Thermoelectric waste heat recovery is the process of recapturing this lost heat and converting it to electrical power. By using the modules “in reverse,” however, whereby a temperature differential is applied across the faces of the module, it is possible to generate electrical power. A bigger unit would serve higher purposes.

Basic-schematic-for-a-thermoelectric-generator.-Graphic-from-CalTech.
If you give this unit electricity it causes cold to move to one side and heat to the other. We run this in the opposite direction to create electricity. heating the cool side and cooling the hot side.

 

Hybrid Solar Lighting

Light from the sun is collected and piped through fiber optics to provide natural lighting for a health benefits and to reduce your carbon footprint.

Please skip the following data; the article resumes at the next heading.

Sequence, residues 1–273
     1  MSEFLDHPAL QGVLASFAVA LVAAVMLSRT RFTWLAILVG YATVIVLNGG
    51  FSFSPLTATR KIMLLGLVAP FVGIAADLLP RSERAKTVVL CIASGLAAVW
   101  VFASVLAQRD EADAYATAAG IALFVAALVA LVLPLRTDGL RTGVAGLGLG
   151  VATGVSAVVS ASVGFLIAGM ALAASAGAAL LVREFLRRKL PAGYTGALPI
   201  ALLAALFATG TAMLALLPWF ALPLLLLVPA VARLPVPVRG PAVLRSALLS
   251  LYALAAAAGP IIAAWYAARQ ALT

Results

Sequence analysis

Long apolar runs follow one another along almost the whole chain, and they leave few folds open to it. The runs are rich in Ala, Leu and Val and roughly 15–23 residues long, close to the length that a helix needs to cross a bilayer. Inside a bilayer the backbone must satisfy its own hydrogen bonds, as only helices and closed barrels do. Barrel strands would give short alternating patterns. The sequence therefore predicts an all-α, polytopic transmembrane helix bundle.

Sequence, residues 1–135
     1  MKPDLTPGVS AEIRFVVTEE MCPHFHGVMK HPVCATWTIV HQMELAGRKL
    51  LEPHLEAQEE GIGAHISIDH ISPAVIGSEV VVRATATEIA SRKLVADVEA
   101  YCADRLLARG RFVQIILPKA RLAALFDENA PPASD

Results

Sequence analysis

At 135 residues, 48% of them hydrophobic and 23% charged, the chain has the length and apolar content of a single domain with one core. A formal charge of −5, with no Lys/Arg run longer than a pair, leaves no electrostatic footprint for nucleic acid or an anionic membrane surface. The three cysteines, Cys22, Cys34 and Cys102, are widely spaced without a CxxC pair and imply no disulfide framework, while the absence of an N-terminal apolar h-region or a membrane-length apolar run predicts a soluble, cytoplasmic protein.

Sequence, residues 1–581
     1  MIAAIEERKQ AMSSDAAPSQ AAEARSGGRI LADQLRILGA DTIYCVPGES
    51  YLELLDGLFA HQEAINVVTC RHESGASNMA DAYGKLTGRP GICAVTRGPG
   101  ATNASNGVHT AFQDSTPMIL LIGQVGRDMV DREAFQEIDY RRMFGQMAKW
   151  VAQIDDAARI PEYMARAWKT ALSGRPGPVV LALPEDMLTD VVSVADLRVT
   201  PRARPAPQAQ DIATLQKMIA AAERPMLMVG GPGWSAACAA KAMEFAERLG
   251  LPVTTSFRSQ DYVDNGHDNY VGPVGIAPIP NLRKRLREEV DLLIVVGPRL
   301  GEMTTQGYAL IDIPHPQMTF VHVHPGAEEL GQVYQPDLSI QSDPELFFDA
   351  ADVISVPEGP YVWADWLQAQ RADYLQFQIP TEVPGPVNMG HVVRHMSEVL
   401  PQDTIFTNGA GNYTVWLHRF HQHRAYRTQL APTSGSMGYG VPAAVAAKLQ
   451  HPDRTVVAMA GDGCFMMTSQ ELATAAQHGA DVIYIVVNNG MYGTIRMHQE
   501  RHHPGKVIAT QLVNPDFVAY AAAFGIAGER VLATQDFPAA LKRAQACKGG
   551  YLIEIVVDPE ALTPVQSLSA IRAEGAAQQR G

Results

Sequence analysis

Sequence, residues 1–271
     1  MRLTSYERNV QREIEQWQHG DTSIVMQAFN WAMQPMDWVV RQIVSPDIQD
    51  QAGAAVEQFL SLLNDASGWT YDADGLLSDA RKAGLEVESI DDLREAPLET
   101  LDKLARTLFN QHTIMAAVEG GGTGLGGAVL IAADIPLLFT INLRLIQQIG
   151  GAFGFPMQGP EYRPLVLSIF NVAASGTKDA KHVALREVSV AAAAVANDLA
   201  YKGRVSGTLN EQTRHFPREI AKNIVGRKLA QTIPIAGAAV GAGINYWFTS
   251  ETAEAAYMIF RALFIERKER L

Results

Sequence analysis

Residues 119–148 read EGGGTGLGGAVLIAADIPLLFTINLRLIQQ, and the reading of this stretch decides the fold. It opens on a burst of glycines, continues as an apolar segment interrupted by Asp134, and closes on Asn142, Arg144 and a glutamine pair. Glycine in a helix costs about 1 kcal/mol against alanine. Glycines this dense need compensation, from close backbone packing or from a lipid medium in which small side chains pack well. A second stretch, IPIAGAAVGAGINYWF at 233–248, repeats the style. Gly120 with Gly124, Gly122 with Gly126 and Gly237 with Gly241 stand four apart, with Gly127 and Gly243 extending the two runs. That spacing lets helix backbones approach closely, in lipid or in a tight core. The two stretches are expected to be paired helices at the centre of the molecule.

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Off-grid home ends year-long study with surplus energy

Net-zero energy test home ends year-long study with surplus energy

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Braving a harsh winter with snow-covered solar panels, the Net-Zero Energy Residential Test Facility (NZERTF) in Washington DC has come up trumps in a year-long study of its energy harvesting capabilities. Located on campus at the National Institute of Standards and Technology (NIST), researchers used computer simulation to replicate the energy consumption of a family of four. At the end of its first 12 months, there was a large enough surplus to power an electric car for 1,440 miles (2,317 km).